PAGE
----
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Brad Foster’s transition from key worker to boxing’s front line

The British junior featherweight champion headlines the UK’s first show for almost four months – four months in which Foster has kept his feet grounded.

Boxing - Lamex Stadium Photo by Paul Harding/PA Images via Getty Images

“It was big when football returned to screens,” Foster, 22, told BBC Sport this week. “Now this is a chance for me to shine with boxing coming back and I’m 100% confident I will on the night.”

British junior featherweight champion Brad Foster aims to win the Lord Lonsdale belt outright this Friday in curious circumstances. Not since Nicky Booth in 2002 has a fighter claimed this accolade at such a tender age, and the unbeaten West Midlander is looking to add James Beech Jr’s name to that of Ashley Lane and Lucien Reid, whom he’s toppled for the 122-pound British title.

Boxing behind closed doors inside the BT Sport studios in East London, Foster and Beech will light the fuse for boxing to return in the UK. As we await the expected flood of fights following the lengthy drought — 16 shows are expected by the end of August — boxing’s traditional summer break will be invaded by those trying to restart their engines and breathe life into their stagnating careers.

Foster’s comparisons to the resumption of the Premier League are valid. Project Restart surfaced on June 17 with impressive success. Regular testing and a quarantined environment have facilitated the completion of the 2019-20 season, with boxing looking to piggyback on that success, capitalizing on the sporting hunger of a nation.

Since boxing’s shutters crashed down in mid-March, Foster has been reluctant to rest on his laurels. Working his regular 2-8 am night shift at his local Tesco supermarket has kept him busy and, importantly, grounded.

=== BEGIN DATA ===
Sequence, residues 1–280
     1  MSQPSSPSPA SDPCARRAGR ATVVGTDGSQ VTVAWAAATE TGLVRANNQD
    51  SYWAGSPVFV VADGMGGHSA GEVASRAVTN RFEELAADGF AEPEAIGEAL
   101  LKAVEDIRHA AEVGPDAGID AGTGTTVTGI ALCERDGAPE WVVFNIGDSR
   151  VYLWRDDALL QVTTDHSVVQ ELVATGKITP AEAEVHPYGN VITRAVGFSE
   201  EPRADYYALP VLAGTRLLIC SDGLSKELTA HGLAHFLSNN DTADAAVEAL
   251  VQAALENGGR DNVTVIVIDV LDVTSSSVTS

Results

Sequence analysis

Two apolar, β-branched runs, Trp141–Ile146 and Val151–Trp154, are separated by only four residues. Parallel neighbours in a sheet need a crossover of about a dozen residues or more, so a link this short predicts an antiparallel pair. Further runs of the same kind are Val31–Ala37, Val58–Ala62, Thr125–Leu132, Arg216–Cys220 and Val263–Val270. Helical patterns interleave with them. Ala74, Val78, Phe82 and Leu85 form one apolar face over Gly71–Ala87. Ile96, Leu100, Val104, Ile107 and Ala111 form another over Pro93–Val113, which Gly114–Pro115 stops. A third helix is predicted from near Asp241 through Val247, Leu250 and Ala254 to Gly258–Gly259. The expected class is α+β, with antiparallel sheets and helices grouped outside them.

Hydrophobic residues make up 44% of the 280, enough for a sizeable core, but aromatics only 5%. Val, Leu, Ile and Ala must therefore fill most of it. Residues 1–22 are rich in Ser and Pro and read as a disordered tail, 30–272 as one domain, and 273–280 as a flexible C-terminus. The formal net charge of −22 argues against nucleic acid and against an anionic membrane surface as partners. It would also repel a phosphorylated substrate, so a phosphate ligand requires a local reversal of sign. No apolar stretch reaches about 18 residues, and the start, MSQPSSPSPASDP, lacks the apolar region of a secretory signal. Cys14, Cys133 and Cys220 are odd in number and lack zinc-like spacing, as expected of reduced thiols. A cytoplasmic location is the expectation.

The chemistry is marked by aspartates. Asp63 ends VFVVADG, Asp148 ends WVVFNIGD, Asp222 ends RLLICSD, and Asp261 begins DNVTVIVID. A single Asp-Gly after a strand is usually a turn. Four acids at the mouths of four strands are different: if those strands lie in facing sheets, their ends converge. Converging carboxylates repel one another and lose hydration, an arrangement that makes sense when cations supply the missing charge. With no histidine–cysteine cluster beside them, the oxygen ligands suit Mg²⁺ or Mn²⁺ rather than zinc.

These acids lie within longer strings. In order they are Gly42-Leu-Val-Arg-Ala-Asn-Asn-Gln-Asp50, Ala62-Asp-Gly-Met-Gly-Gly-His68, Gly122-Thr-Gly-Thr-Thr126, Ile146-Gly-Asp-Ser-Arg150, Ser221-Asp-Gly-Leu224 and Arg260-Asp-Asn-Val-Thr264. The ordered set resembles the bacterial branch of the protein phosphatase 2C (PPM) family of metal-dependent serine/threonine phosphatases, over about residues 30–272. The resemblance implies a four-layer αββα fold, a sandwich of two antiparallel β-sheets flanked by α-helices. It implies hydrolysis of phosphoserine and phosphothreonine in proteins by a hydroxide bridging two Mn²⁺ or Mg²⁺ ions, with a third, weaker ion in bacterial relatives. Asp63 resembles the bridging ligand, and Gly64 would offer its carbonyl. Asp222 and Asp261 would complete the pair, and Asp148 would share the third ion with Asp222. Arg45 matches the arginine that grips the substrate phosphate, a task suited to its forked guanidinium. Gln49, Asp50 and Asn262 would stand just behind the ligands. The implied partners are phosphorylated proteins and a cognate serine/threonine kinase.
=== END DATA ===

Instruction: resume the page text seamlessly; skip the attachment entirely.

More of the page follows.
Key workers — those who are still needed at work to keep the country going during the COVID-19 outbreak — have rightly received the respect of a nation over the past four months. Despite not being able to spar during this time, Foster is looking forward to the transition from key worker to boxing on the sport’s front line.

“I keep both feet on the ground,” Foster told the 5 Live Boxing podcast. “I’ll work Monday, Tuesday and Wednesday on a night shift from two in the morning. I have a good boss at Tesco who works around my boxing. Then I sleep, wake up, and normally do two sessions.”

“I focus on this one as this was a goal to win the British title outright,” he added. “I have to do this one before we can unlock that next level. My head is saying that title is mine whether there’s a crowd there, a million people or zero and it’s just him and me. The job is to take that title home.”

It’s a fitting return for the sport. An ordinary, considerate man like Foster has been handed the keys to unlock boxing in the United Kingdom as he seeks a crowning achievement at just 22 years young.

Follow Lewis Watson @lewroyscribbles